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A consortium led by Brazil’s state-run Petrobras has announced a discovery of more oil in the offshore Libra prospect in the pre-salt Santos Basin.
Drilling at the 3-BRSA-1305A-RJS well in the northwest area began earlier this month, and today the consortium confirmed the discovery of good quality oil in reservoirs with excellent productivity.
The well found an oil column of around 270 meters and high-quality reservoirs in communication with previous wells in this area, according to Petrobras.
The consortium, which includes Royal Dutch Shell Plc, French Total SA and China’s CNOOC and China National Petroleum Corp. (CNPC), are also drilling two more wells in the Libra block as part of a three-well discovery and evaluation project currently under approval.
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The partners discovered the giant Libra field in 2010, with the first oil discovery in 2014. The field covers some 1,500 square miles and is estimated to contain between 8-12 billion barrels of oil equivalent. For Brazil, it could generate $1 trillion in revenues over three decades.
In October last year, the multinational consortium announced another hydrocarbon discovery in Libra, this week’s announcement helps prove the extension of that.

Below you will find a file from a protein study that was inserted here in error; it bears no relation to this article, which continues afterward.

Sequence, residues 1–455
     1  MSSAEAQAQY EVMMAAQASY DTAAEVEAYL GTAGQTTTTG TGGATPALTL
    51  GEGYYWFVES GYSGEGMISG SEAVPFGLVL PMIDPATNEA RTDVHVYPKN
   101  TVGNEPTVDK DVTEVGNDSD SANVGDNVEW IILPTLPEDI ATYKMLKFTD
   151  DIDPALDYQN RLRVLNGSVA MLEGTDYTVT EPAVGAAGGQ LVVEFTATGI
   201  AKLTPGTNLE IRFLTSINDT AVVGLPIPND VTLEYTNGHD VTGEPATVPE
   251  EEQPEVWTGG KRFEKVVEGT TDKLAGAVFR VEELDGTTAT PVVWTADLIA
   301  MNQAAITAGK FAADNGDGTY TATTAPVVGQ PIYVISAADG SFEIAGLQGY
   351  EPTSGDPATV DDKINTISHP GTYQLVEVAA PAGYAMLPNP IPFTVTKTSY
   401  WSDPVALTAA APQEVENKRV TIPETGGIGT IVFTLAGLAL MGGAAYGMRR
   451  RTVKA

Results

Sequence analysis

Libra is the first area auctioned off by Brazil’s oil authorities.
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As of 2013, Petrobras is the operator of the field with a 40 percent stake, Shell owns 20 percent. Total, CNOOC and CNPC own 10 percent each.
Petrobras is currently embroiled in a scandal that includes top executives, politicians, and the country’s biggest construction firms. Petrobras is also dealing with massive debt that was growing virtually unhindered for years. Its partner in the Libra project, Shell, has recently said that Petrobras should cede some of its drilling rights to private firms to ensure development of Brazil’s offshore oil wealth.
By Charles Kennedy of Oilprice.com
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Charles is a writer for Oilprice.com